Course Information and Policies
This course will provide students with essential theoretical background and hands-on experience in central topics in robotics. These include: kinematics, inverse kinematics, sensors and sensor processing, and motion planning. Teams of students will explore these subjects through a series of challenge-themed laboratory exercises. Successful students will develop a pragmatic understanding of both theoretical principles and real-world issues, enabling them to design and program robotic systems incorporating sensing, planning, and acting.
We explore these topics from a computer science perspective, but we will also cover critical robotics topics that are often omitted from computer science curricula. These may include, for example, electrical circuits, control systems, Kalman filters, mechanics, and dynamics. Specialized computer science topics such as embedded systems programming, real time operating systems, artificial intelligence, etc., may also make appearances. No background is assumed in these areas.
The course is intended for upper-level computer science undergraduates, and assumes proficiency in programming, though any one with the appropriate background is welcome.
Students will be evaluated on a combination of team and individual efforts.
- Individual efforts include one laboratory assignment, two quizzes, and two midterms.
- Team efforts include two laboratory assignments and a final project. For the laboratory exercises, teams will be determined by the staff. Students may select their own final project teams.
|Take-home quizzes||5 %|
|Final Project||32 %|
|Course Evaluations||1 %|
The course evaluation component is earned by forwarding the staff a copy of the confirmation receipt indicating that you filled out an end-of-term course evaluation.
The laboratory exercises (excluding the first "warmup" lab) and final projects are collaborative activities. Each team must turn in work that is wholly their own: teams are encouraged to discuss problems, strategies, ideas, algorithms, etc. with other teams, but their write-ups (including software) must be done independently.
Members of a team are required to work together on the problems; dividing up the problems and working separately is not acceptable. This will require at least one in-person meeting. On every problem set, each team will certify when their team met and who attended, noting any exceptions. With each problem's solution being the product of the group, all members will be held accountable for violations of the honor code. Students must sign the statement below, noting any qualifications necessary to render the statement true:
"I participated and contributed to team discussions on each problem, and I attest to the integrity of each solution. Our team met as a group on [DATE(S)]."
An example of a reasonable qualification might be: "Jimmy was out of town when we met, but Amy and Jimmy were able to meet later on. Jimmy's ideas were emailed to us and are reflected in our final solutions." We expect exceptions to be rare, but we understand that life can be complicated! The certification should be physically signed by each team member, and a photo attached to the submission.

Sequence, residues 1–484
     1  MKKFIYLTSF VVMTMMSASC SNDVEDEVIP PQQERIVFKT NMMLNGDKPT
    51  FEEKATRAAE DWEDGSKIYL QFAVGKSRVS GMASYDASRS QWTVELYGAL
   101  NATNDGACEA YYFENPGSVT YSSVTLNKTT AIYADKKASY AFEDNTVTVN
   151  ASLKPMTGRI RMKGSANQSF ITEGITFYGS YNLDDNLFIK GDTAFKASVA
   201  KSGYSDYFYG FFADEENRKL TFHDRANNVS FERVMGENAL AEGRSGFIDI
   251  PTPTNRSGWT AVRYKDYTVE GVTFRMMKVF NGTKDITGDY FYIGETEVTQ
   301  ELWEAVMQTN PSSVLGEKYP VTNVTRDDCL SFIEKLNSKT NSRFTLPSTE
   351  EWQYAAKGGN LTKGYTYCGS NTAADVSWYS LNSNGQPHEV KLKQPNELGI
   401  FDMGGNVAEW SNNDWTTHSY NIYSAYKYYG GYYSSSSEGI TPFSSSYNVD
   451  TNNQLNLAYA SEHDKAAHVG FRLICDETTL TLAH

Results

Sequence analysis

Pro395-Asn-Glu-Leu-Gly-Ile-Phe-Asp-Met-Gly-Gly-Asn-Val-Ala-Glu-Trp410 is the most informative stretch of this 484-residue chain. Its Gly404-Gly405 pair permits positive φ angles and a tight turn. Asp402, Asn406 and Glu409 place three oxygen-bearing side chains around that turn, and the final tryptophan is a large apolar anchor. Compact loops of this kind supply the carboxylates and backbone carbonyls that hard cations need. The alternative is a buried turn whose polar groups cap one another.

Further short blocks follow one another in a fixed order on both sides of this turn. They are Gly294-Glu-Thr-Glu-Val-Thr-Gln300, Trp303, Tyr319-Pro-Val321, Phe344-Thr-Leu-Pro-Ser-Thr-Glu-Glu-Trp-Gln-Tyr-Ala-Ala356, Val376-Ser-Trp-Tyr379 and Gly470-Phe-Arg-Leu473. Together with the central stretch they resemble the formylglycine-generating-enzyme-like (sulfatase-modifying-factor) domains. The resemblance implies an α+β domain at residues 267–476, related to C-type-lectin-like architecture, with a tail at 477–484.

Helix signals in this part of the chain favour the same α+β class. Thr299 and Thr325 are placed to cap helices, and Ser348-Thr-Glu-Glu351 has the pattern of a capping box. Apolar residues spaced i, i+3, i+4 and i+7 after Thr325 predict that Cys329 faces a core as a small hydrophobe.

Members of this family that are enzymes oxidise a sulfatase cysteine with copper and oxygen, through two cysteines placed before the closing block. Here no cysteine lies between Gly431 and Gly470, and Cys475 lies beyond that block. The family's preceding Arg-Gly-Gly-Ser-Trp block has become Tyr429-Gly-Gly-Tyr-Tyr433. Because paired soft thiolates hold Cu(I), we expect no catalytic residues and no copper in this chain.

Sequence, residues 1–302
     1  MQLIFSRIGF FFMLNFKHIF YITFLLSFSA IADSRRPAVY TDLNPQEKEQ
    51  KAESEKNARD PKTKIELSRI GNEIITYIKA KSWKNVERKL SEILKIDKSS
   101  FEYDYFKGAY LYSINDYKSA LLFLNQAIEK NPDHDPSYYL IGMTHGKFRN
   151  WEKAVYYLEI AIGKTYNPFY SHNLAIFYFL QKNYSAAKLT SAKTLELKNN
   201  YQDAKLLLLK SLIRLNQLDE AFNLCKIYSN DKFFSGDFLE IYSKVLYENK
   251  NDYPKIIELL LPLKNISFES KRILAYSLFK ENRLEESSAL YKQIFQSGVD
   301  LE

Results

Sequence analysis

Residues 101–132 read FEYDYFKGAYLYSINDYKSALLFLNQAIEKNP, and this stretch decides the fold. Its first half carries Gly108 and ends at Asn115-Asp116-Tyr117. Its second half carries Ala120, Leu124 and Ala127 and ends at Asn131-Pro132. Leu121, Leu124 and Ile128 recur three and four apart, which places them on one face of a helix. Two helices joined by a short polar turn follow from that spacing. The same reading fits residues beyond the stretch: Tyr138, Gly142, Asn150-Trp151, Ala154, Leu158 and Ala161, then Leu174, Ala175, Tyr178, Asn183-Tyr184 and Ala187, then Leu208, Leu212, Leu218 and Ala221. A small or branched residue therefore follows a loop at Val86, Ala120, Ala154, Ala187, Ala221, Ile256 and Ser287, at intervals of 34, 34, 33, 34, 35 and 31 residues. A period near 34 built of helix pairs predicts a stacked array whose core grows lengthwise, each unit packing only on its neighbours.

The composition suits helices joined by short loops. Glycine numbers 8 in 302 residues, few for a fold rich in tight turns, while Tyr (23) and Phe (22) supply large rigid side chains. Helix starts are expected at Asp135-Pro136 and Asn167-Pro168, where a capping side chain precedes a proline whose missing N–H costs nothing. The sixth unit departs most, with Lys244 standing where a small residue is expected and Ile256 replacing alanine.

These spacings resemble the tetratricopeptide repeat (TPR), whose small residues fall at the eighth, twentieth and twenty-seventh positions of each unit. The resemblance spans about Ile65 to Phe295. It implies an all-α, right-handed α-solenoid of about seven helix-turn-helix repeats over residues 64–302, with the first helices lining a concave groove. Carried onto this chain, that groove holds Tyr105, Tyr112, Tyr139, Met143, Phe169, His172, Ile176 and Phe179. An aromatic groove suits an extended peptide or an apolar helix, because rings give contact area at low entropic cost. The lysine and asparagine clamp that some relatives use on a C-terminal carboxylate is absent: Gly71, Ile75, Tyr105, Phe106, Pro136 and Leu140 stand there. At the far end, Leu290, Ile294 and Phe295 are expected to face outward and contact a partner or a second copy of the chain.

Note that every student on a team will receive the same grade on that project. Students will evaluate their teammates; a student's evaluations will affect their participation grade.
It is not acceptable to use code or solutions from outside class (including those found online) unless the resources are specifically suggested by the problem set. This includes (but is not limited to) previous years' materials (regardless of whether it originated from staff, students, etc.), the textbook's solution manual, etc.
Our class shares lab space with EECS373, and so we must be considerate not only to our classmates, but those in 373 as well. There are times during which lab is reserved for the exclusive use of 373; take note of these times.
Lab equipment (cameras, robots, computers, cables, soldering irons, etc.) must not be removed from lab for any reason. Removing equipment without explicit authorization from Prof. Olson, even if only "temporarily borrowing it", will be reported to campus police as theft.
Students should treat lab equipment with great care: much of it is fragile and can be broken. That said, mistakes happen. If hardware breaks, students should immediately report it to the staff along with a description of what happened when it broke.
Assignment Turn-in and Lateness Policy
Problem sets are due at 11:59p on their corresponding due date and should be submitted electronically by email (including a photo of the signature page). Late problem sets will be penalized 10% for each day (or fraction of) that they are late; after three days, no credit will be given.
Students who miss an exam for legitimate reasons will be given a make-up oral exam by the staff. Approval for absences should be sought at least two weeks before the scheduled exam. All other absences will result in a zero score.
Requests to regrade any assignment/exam must be submitted in writing no later than one week following the return of the assignment/exam. It is important that requests be self-contained in writing so that you can carefully enunciate what you think we got wrong, and so that we can route your request to the same staff member who originally graded that question.